The "Tea Burning at Greenwich" was probably directly inspired by the rebellious, Philip Vickers Fithian who had passed through Annapolis on his way home from Virginia, just a couple days after the tea burning there. About the time of Fithian’s homecoming, the ship, Greyhound, captained by Capt. Allen was bound for Philadelphia with a load of tea. When he stopped at the Cape (Lewes or Henelopen) he was advised of the inflammatory mood. He knew a loyalist in Greenwich, so he decided to put into port and hide the tea shipment in the cellar of Daniel Bowen (Pierce 138-139).

This did not sit well with the locals, who had protested paying taxes in Greenwich as early as 1714. On the night of Dec. 22, 1774 a group of young locals assembled at the home of Richard Howell, near Shiloh, rode the four miles to the home of John Fithian, and emerged dressed as Indians. They went on to Greenwich and broke into the Daniel Bowen’s cellar removed the tea & burned it (Pierce 140).

Naturally, the owners of the shipment were not happy. They appealed to Gov. William Franklin for action. He advised Sheriff Jonathan Elmer to arrest the well known participants, including his relatives. Sheriff Elmer did bring the "fugitives" including his relatives to trial. Then the Sheriff chose the jury, composed of sympathetic Whigs and fore manned, not coincidentally by his nephew, Daniel Elmer (Cunningham 118). The trial ended in a verdict of "No Cause for Action". Highly insulted by the outcome Gov. Franklin removed Elmer as Sheriff and appointed Daniel Bowen (the loyalist who had housed the tea in his basement). Again the 2nd jury found ‘No Cause for Action’. Finally, the owners of the tea, Gov. Franklin and the loyalists gave up (McMahon 168-169).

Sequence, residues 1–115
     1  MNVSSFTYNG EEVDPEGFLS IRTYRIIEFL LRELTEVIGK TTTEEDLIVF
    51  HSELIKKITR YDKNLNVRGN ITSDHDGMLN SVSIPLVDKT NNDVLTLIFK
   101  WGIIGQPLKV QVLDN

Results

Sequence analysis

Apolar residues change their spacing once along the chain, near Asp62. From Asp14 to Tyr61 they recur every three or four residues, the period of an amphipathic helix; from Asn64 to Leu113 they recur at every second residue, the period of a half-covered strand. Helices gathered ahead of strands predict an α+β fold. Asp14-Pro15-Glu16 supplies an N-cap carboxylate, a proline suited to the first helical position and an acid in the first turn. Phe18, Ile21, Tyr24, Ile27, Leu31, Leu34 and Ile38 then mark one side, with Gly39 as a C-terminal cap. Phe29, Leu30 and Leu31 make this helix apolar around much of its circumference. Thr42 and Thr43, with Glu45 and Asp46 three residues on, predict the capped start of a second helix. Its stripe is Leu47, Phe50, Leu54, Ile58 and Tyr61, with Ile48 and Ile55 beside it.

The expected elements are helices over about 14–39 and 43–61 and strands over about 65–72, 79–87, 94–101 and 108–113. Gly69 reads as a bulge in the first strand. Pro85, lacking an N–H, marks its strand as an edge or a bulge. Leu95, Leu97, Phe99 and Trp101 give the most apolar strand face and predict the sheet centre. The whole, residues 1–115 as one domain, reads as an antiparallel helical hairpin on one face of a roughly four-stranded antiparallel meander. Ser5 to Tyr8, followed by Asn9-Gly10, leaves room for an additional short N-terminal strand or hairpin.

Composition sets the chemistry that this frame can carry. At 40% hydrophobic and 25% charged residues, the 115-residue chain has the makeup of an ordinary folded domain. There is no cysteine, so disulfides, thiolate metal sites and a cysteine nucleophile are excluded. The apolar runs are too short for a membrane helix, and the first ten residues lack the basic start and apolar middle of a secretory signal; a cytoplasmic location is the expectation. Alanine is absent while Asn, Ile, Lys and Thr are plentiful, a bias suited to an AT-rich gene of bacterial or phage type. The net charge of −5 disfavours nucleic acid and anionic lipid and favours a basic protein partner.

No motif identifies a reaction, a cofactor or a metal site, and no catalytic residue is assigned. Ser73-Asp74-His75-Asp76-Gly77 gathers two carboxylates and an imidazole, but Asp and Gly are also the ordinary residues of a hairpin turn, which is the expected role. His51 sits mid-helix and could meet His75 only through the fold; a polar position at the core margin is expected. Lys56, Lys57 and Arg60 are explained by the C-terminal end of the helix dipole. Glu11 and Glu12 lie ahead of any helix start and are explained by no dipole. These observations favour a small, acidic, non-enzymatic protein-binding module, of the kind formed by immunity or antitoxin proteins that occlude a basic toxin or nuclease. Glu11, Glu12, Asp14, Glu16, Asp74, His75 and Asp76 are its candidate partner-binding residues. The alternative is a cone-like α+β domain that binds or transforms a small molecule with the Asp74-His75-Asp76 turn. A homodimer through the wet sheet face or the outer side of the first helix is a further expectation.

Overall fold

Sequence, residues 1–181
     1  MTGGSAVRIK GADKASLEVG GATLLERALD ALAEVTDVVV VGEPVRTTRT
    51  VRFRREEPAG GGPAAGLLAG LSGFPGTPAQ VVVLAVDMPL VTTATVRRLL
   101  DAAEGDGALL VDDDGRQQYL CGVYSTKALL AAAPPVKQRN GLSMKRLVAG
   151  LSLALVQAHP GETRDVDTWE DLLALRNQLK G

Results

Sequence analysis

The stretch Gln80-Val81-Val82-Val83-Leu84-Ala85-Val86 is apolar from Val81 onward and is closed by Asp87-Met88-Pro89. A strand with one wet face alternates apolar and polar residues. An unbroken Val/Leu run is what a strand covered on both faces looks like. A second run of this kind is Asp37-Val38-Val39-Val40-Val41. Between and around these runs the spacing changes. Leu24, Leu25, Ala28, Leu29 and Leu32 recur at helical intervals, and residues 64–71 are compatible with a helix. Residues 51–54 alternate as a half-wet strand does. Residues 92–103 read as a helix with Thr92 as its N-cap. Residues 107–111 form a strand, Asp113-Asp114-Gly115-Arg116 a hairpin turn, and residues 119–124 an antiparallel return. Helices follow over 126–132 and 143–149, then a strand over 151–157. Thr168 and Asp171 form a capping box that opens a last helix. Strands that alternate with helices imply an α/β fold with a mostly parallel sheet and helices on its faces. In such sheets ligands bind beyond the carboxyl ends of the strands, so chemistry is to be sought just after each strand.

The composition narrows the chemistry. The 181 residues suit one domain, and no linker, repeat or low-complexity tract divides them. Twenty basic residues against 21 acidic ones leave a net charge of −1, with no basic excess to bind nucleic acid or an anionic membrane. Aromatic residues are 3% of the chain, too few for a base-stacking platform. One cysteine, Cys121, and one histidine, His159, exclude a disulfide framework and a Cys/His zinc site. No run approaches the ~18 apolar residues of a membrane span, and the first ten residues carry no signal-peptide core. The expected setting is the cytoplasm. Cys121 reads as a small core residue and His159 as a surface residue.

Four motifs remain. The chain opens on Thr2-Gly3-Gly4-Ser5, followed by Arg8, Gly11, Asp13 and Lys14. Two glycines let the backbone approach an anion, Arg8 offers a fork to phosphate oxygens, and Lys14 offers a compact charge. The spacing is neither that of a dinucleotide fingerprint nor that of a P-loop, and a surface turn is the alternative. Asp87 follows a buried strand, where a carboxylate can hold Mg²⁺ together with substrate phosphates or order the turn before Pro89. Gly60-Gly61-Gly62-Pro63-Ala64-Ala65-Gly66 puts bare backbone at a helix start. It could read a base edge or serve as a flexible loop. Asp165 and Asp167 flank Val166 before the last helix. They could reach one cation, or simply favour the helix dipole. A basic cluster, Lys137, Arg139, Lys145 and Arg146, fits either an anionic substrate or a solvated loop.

The participants in the tea burning went on to lead very public lives. Most of those that took part in the burning went on to enlist in the Continental Army, some serving as officers, chaplains and doctors. Four would give their lives in the fight for freedom (Pierce 143). Sheriff Jonathan Elmer was elected as one of the first two Unites States senators from New Jersey. Richard Howell, in whose home the "Indians" had first assembled, was elected Governor of New Jersey 1792. Joseph Bloomfield, who was the defense attorney at both trials, succeeded Howell as Governor of the state. The town of Bloomfield was named after him (Cunningham 118). In September of 1908 a monument was erected to honor the memory of the ‘Greenwich Tea Party’ (McMahon 169)

Greenwich continued to thrive as an important Port of Entry during the revolution, but gradually other towns began to emerge as more important sites. Bridgeton (formerly known as Cohansey Bridge) came to live up to it’s role as the centrally located county seat , once dependable roads and bridges were created. The growth of the railroads bypassed Greenwich, which sounded the death knoll for its commercial life. Today it exists as a small, quiet and quaint bayside town steeped in history, Victorian houses and museums.

 

Works Cited

Cunningham, John T., The New Jersey Sampler, Upper Montclair, NJ: The New Jersey Almanac, Inc, 1964

Pierce, Arthur D., Smugglers’ Woods, New Brunswick: Rutgers University Press, 1960.

McMahon, William, South Jersey Towns, New Brunswick: Rutgers University Press, 1973.

copyright Susan Ditmire 5/15/1999

Web Links for More information:

Cumberland County Historic Society